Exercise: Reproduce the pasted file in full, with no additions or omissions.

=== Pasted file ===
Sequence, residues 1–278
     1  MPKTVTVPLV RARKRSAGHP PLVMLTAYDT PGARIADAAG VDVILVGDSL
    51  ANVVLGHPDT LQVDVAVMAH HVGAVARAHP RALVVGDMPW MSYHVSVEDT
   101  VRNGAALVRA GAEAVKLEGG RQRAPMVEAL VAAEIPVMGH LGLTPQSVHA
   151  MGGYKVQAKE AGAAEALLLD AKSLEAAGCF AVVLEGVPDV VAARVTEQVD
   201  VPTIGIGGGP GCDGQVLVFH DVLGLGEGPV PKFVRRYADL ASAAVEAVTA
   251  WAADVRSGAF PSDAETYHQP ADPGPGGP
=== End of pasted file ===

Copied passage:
Sequence, residues 1–278
     1  MPKTVTVPLV RARKRSAGHP PLVMLTAYDT PGARIADAAG VDVILVGDSL
    51  ANVVLGHPDT LQVDVAVMAH HVGAVARAHP RALVVGDMPW MSYHVSVEDT
   101  VRNGAALVRA GAEAVKLEGG RQRAPMVEAL VAAEIPVMGH LGLTPQSVHA
   151  MGGYKVQAKE AGAAEALLLD AKSLEAAGCF AVVLEGVPDV VAARVTEQVD
   201  VPTIGIGGGP GCDGQVLVFH DVLGLGEGPV PKFVRRYADL ASAAVEAVTA
   251  WAADVRSGAF PSDAETYHQP ADPGPGGP